A Field Guide
to the March Meet Drag Fan
the March Meet may be known for being the year's
biggest gathering of Nostalgia cars, what you
may not know is that it is also the biggest
gathering of some of Mother Nature's strangest
and most unusual creatures. You think I'm kidding?
Look at the people who you see walking around
Famoso Raceway. I can guarantee you will not
see anything like them anywhere else. Not at
the Mall of the Americas, not at Disneyland,
and certainly not at any other drag race. Believe
me, the March Meet is a Nitro-fueled Galapagos
Island with bizarre and overly-trusting mutations
of the semi-familiar species that we know and
Really, the only thing that surpasses the racing excitement at the Patch is
the thrill-a-minute people watching. Forget about betting on who's going to
win Nostalgia Eliminator 27, it's far more entertaining to wager your
friends that you'll be the first to spot a chickie teetering on 6" high
stilettos as she pretends to back up a car or see how many times you can get
a nouveau rockabilly guy to say "cat" in one conversation.
As your Marlon Perkins, let me be your soft-spoken narrator as we watch my
assistant Jim wrestle the fauna of Famoso. I've braved the wilds of the
Patch and assembled a handy printable guide to the various species in their
Beersucker (Drunkoff Hisassus) -
One of the most plentiful creatures you will
find at the March Meet is the Red-Bellied Beersucker.
This species is easily identified by the distinctive
red or blue plastic cup held in its hand and
the unusual circuitous gait taken when wandering
the pits. Although the majority of them can
be seen congregating near the beer stands, the
more resourceful alphas of this species have
found watering-holes closer to the race cars
where they can secure their favored diet merely
by using their unique calls of "I'm a friend
of your friend, (fill in name of friend here)"
followed by "So, where's the cooler, dude?"
Another inimitable trait of this breed is its display. Early in the morning,
the Red-Bellied Beersucker will remove its T-shirt to proudly puff out its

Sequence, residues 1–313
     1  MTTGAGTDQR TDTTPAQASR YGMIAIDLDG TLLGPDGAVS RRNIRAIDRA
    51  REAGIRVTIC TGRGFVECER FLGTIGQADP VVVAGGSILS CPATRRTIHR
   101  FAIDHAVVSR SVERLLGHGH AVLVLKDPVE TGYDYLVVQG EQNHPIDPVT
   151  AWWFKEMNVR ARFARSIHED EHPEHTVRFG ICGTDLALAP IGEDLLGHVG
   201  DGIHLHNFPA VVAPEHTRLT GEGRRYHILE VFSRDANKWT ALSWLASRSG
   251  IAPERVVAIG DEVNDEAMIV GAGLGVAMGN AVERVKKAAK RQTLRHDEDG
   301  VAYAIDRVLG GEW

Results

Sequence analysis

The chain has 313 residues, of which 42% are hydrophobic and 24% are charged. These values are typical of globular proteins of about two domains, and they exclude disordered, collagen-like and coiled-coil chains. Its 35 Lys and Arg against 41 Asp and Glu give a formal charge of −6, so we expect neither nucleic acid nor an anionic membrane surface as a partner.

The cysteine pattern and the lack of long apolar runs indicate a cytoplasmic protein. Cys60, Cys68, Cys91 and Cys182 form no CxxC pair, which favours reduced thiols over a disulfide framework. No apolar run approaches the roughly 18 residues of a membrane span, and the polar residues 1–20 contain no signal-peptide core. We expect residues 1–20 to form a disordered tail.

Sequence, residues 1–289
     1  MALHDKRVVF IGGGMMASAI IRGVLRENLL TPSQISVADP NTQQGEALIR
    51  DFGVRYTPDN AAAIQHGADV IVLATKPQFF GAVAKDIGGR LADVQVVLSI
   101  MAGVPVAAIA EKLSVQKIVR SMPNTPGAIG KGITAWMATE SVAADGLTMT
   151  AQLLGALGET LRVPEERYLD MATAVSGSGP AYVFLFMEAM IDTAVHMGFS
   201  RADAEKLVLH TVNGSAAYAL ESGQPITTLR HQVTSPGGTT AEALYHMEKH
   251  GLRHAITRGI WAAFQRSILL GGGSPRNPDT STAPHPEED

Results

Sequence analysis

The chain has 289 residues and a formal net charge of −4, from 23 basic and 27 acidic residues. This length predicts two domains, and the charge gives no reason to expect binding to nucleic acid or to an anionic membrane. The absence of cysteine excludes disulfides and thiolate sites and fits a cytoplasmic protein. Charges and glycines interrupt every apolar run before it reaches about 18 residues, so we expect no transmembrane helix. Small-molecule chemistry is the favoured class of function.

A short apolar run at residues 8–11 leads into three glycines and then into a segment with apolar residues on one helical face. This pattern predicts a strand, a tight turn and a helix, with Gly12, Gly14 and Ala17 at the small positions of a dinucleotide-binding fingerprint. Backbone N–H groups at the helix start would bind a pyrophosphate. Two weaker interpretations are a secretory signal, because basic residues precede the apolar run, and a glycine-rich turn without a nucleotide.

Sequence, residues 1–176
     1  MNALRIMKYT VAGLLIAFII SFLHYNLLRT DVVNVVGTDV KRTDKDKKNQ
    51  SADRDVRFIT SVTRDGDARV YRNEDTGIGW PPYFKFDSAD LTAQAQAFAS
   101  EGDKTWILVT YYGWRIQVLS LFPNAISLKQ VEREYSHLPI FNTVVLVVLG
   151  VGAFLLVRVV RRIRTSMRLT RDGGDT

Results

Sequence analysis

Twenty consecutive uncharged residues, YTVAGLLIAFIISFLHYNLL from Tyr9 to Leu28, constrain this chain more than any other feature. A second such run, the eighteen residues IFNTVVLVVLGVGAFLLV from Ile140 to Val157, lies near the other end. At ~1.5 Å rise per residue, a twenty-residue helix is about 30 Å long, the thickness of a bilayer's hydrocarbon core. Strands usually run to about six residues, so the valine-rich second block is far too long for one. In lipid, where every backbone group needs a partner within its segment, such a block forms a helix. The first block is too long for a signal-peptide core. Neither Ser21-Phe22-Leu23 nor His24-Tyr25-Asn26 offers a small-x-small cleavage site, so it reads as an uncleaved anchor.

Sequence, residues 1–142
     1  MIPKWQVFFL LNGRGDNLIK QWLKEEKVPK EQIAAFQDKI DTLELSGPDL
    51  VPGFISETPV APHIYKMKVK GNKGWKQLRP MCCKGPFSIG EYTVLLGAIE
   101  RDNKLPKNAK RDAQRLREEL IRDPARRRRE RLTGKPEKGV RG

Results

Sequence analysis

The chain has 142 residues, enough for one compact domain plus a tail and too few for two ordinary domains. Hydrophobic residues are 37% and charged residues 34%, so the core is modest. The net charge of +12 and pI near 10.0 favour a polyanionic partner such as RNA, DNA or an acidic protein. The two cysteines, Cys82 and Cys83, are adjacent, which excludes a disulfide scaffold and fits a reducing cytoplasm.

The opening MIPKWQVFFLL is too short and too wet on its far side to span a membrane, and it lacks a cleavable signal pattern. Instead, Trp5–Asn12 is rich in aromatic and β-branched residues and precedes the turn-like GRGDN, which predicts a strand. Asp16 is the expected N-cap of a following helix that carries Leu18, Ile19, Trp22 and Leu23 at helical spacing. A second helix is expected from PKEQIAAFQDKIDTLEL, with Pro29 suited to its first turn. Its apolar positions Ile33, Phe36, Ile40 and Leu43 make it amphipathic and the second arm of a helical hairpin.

pale yet prominent abdomen. Throughout the day, this abdomen will change in
coloration from pale white to pink and finally, by sundown, a deep crimson.
A rare sub-mutation of this species is the Lesser Drag Journalist
(Credentiali Moochus) who displays the same gait and diet proclivities but
not the scarlet abdomen. With a very small home range, these can rarely
survive in a habitat which extends farther than a few yards from a gas
engine-powered margarita blender.
The Common Bimbo
(Trackea Trollopus) - Identified by scanty,
yet gaily-colored plumage, the Common Bimbo
can be found making mating displays near the
pits of the Nostalgia Top Fuel cars.
Although the Common Bimbo can sometimes be seen stalking in groups of two or
three, natural selection has determined that the better hunters lure prey
more effectively while solitary.
A sub-species, the Common Rockabilly Bimbo (Wannabe Bettiipageus),
congregates solely near Rat Rods and can be identified by long black hair
with short bangs and anti-authoritarian tattoos exactly like all the other
anti-authoritarian tattoos displayed by members of this sub-species.
Greaser (Rockabillius Falsis) - Closely
related to the Common Rockabilly Bimbo is the
Black-Headed Greaser. This breed can also be
found near the Rat Rods and has formed intense
social bonds by assuming species-specific markings
- white t-shirts with rolled sleeves, Levis
with rolled cuffs and slick dyed black hair.
These identical markers signify that the member
of this species is an "individual" and a "rebel"
and is clearly "not like anyone else."